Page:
Missing their friends? A guide for lockdown parents with lonely kids

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Missing their friends? A guide for lockdown parents with lonely kids

Younger children may prefer to play games online rather than chat. Photograph: SanyaSM/Getty Images Loneliness goes far beyond that f

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Small kids talking on digital tablet during COVID-19 isolation. Social teleconferencing.

Younger children may prefer to play games online rather than chat.
Photograph: SanyaSM/Getty Images

Loneliness goes far beyond that familiar whine of “I’m borrrrred”. When kids miss their friends, that loneliness might express itself as anger, anxiety and sleep problems.

This is where technology can be your child’s best friend. “Friendships help keep children as strong, resilient, happy and relaxed as possible. Having the online companionship of friends provides the support they need in yet another lockdown, and will be important too when they return to school after it ends,” says psychotherapist Alicia Eaton, author of First Aid for Your Child’s Mind.

“Strong friendships will help them go back to school feeling able to cope with any challenges.”

Here’s how to help your child connect with their mates, whatever their age.

Age six and under

Some children, particularly as they get older, are happy to share their thoughts and emotions on video calls via WhatsApp, FaceTime or even Zoom, but with the under-sixes online communication should be less verbal and more visual, says Eaton. “If your five-year-old has been given a birthday gift, and you say, ‘Oh, let’s FaceTime and say thank you,’ they tend to freeze as they’re not great at communicating in that way.”

So instead of calling friends just for a chat, try giving your child and their pals activities to share over a video call, such as playing Top Trumps (the physical cards may work better than the app version). Scavenger hunts also work well, so give each child an illustrated list of simple things to find and tick off – a fork, something yellow, a book with a picture of an animal on the cover. Your child is likely to bond better with smaller groups of, say, two to four, as they’re less likely to talk over each other and end up with nobody knowing what’s going on.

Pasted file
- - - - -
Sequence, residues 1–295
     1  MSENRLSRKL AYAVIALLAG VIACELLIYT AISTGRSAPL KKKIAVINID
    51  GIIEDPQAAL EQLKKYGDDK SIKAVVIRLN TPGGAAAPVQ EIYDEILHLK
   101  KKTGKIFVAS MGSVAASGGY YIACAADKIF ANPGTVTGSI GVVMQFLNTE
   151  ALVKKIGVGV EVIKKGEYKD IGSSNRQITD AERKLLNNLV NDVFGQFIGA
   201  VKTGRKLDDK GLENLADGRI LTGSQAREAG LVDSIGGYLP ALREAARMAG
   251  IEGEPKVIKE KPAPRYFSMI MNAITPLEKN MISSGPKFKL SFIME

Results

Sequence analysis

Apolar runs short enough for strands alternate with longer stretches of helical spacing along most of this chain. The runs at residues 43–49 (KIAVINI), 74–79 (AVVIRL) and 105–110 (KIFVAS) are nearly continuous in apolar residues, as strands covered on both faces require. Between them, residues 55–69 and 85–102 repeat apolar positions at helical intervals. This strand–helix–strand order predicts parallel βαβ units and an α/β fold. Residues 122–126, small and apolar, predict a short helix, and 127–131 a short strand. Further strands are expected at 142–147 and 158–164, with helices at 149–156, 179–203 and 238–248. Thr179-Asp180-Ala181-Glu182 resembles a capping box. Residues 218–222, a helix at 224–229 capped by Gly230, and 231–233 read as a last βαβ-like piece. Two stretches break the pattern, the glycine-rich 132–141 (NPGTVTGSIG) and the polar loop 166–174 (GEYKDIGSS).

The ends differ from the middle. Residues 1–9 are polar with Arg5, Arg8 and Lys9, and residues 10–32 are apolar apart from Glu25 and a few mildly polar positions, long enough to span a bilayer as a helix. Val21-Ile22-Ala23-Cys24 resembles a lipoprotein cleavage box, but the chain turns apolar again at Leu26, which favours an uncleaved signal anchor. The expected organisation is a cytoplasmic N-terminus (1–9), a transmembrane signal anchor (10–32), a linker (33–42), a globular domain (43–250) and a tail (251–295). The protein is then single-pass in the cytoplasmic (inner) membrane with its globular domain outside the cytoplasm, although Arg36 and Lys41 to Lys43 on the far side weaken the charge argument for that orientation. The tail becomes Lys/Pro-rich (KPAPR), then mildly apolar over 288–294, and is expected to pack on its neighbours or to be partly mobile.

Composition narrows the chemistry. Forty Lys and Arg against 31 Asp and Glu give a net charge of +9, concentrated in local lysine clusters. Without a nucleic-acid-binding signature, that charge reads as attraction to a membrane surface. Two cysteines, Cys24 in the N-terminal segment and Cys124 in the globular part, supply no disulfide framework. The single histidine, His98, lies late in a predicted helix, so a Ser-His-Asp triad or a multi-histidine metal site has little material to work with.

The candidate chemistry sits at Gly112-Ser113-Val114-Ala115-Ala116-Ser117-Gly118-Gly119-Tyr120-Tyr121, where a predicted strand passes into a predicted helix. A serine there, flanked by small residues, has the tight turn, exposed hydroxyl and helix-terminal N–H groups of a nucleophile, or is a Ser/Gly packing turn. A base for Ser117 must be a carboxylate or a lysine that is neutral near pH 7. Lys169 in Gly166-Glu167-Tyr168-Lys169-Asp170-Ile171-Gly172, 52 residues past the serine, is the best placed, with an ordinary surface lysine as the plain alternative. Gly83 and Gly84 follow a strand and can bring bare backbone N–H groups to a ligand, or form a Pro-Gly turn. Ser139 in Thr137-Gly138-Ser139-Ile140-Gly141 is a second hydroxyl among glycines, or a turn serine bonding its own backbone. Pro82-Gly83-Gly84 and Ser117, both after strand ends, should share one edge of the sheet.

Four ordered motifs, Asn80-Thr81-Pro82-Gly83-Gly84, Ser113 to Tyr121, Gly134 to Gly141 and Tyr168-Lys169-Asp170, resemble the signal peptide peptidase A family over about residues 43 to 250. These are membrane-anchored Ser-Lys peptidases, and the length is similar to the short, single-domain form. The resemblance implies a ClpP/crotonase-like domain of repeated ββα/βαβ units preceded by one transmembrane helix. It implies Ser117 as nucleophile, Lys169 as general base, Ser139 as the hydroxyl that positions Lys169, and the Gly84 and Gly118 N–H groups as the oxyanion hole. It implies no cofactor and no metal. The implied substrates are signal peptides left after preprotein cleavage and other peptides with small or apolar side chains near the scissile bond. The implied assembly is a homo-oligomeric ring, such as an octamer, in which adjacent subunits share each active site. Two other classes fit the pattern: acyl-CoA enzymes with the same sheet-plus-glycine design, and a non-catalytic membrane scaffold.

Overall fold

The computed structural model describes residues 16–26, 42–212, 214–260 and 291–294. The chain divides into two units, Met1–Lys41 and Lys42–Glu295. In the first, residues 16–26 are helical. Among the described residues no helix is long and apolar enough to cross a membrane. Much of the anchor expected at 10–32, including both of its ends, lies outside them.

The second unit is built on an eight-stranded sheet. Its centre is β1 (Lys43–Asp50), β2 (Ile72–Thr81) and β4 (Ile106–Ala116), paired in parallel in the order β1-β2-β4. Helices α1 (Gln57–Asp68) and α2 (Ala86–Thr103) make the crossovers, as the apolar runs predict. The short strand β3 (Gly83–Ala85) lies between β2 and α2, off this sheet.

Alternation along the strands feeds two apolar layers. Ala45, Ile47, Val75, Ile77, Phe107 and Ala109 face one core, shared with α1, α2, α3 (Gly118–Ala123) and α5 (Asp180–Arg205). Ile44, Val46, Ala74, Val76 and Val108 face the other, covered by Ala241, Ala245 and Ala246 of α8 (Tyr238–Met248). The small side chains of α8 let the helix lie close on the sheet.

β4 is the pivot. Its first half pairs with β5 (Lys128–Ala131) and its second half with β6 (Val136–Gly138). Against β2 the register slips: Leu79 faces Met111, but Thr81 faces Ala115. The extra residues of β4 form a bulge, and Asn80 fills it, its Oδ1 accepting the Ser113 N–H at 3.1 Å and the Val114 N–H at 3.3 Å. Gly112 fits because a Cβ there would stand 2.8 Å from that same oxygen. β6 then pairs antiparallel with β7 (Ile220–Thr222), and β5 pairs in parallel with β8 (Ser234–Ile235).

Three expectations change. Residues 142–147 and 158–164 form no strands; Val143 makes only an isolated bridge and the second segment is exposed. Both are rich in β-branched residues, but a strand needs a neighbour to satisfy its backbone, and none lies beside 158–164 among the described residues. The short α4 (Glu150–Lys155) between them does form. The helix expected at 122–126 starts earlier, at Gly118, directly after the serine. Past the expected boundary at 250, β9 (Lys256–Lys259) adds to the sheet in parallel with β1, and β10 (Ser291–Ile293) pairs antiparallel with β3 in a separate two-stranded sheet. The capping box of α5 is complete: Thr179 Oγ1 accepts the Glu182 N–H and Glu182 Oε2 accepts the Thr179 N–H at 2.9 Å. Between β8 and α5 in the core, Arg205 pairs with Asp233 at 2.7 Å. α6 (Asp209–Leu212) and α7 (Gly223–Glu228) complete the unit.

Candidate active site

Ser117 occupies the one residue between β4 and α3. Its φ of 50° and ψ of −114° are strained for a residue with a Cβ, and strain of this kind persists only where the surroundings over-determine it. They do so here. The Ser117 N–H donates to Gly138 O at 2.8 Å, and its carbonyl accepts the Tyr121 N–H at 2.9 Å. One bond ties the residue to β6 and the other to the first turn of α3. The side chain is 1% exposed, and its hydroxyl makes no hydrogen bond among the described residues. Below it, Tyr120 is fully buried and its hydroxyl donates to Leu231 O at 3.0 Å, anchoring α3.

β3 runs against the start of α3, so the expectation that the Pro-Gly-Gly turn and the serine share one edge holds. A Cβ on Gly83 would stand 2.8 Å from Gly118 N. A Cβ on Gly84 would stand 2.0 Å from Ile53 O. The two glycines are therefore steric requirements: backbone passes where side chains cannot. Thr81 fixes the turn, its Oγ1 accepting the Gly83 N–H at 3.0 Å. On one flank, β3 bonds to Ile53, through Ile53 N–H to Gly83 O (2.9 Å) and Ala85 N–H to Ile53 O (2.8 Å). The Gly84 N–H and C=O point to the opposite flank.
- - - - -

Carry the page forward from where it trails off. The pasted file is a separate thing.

Age seven to 12

This is the age when kids’ friendships become all-consuming, yet they can still be very fickle. “Remember when you went back to school after the summer holidays, and all of a sudden, your best friend wasn’t your best friend any more because they had buddied up with someone else over the holidays,” says Eaton. The right tech can help your child keep up the friendships they really care about.

Eaton suggests organising smaller Zoom meet-ups rather than inviting your child’s entire class, as there’s less chance of your child getting camera shy and they’ll be more likely to join in with the conversation. Also, take advantage of online games and platforms, such as Minecraft and Roblox, which allow friends to gather in a virtual world, playing and chatting at the same time.

With all that, you may be worrying about screen time. “Focus on quality over quantity when it comes to screen time,” says Eaton. “This should avoid unnecessary arguments, give you a break and allow your children to make the most of the tech they have at home.”


The growing independence of teens gives them a wider choice of ways to maintain communication independently, with messaging and video calls topping the bill. On video chats, playing with the look of the screen becomes a key part of the conversation. Zoom is the best for dramatic backdrops, while FaceTime allows users to add emojis to each other’s faces.

Just because messaging has become so normal, it doesn’t mean it is right for every occasion. “You don’t want your kids to get out of the habit of actually talking,” says Eaton. “It is possible to spend weeks and weeks communicating with people without actually opening your mouth and talking to them.” Here’s where a good old-fashioned phone call comes in: a chance for your teen to talk to their friends and enjoy the intimacy of really listening to each other, too.

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